It seems the courts will also frown on giving visitation to anyone who would bad mouth the grandchilds parents in front of the grandchild or fail to be supportive of the child having a relationship with their parents. They take 'best interests of the child' to included whether or not the grandparents have a positive attitude about the childs parents in front of the child. If they cannot refrain from bad mouthing the parents they will not be awarded visitation with the child even if it were likely otherwise.

Counseling is probably a better step than court if you feel you are not getting time your entitled to with grandchildren. Legally grandparents aren't automatically entitled to anything.

    Bookmark   October 13, 2008 at 2:56PM
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Flowerfeeder: Sorry if my post was confusing. I mean what are my mother's rights to my daughter, not what are my rights as a grandparent.

I still haven't called her back, but I did email her that my daughter could go out to see her for Christmas. I called her bio-dad and spoke with my DH and we decided my daughter would have a better time with all of her cousins, aunts, grandmother and great-grandmother than she would with me and DH at home. But I don't know if this is the right decision. I don't know what to do. Especially since she will have to fly unaccompanied (one state over, no stops) or my mother will drive to pick her up 8+ hours. Since I think flying is less dangerous than driving, I'd opt for the flying. But I'm trying to get my ex- SIL to fly her over and back since she will be going out there to see family at around the same time anyway.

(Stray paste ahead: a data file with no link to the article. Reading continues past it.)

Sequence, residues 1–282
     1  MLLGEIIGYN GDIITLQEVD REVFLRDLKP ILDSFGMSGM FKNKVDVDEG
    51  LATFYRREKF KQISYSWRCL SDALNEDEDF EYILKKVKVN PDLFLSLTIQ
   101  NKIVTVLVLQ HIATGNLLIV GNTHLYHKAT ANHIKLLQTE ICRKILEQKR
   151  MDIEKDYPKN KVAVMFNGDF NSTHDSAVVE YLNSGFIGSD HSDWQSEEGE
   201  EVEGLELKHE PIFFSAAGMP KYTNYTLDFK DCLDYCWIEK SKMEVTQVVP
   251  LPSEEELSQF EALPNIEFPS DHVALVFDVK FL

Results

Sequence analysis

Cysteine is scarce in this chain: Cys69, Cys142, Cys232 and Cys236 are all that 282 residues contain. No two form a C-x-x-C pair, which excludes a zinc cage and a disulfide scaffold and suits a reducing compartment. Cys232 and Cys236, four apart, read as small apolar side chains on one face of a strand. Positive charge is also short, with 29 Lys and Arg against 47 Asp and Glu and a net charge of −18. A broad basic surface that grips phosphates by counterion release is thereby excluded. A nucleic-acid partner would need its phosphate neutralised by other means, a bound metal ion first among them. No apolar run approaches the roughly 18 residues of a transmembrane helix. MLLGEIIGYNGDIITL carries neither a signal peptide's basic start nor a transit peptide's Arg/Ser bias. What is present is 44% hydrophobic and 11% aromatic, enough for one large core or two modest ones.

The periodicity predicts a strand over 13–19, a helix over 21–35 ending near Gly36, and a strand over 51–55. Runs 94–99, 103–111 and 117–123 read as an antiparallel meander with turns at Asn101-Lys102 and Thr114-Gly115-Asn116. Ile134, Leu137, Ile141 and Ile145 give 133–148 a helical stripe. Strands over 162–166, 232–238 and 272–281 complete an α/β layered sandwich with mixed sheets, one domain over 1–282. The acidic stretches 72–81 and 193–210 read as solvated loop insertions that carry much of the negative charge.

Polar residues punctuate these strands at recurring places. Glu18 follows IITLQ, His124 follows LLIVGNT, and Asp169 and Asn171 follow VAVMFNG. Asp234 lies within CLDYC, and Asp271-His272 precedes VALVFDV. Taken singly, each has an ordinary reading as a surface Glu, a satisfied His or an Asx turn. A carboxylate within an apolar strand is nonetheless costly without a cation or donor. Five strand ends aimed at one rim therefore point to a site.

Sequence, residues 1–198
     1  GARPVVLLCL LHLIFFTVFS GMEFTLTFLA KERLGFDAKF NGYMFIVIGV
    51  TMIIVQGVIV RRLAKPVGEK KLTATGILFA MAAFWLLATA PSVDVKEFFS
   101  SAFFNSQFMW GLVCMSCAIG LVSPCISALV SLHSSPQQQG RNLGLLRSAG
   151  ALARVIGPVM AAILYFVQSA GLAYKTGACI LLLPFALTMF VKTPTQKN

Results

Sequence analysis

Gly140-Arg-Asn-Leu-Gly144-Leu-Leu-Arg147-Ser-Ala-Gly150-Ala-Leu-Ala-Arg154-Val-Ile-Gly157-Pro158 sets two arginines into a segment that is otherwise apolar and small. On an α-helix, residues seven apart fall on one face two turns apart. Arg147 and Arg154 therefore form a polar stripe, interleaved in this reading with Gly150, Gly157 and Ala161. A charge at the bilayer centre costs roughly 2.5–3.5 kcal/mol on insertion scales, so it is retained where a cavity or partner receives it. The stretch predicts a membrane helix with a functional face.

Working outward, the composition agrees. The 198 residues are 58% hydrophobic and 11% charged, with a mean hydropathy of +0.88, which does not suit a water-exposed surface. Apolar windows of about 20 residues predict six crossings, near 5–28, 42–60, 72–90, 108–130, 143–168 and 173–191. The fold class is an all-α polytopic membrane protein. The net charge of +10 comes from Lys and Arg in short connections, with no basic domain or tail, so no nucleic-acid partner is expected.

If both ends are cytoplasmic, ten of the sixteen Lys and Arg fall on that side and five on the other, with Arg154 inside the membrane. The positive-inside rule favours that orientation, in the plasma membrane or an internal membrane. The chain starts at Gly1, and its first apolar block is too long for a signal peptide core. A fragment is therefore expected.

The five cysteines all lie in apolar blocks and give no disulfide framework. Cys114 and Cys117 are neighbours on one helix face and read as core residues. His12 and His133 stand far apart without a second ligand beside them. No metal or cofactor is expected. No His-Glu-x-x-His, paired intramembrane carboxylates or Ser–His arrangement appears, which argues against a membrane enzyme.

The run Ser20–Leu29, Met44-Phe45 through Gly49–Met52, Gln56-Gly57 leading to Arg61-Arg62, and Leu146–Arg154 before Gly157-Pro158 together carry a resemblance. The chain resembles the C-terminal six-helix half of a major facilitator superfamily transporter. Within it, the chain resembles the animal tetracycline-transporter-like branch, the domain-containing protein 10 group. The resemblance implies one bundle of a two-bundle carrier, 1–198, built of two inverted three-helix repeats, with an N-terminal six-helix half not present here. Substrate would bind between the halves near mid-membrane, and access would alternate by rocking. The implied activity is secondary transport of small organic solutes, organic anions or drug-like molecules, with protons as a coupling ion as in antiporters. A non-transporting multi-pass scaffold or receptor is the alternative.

Those who remember from my other posts will recall that my mother has reverted to calling me by a childhood name she made up, not a cutsey name, but an actual name that has confused people my whole life. When I realized that was not my name, around 3rd grade, I started asking people to call me by my real name. Most have complied, including my father, but my mother now is calling me by that name again. So I signed my name "Silver" and she wrote back to "Jane".

I don't know if this is an intentional slap in the face, or what she is trying to do. It's really frustrating! Especially since I have told her time and again for the past 20+ years to please call me by the name SHE GAVE ME at birth.

I don't want to deprive my daughter of a relationship, but my mother is volitile and can be overwhelming. I'm worried, but I can't put my finger on what is worrying me.

    Bookmark   October 16, 2008 at 1:27PM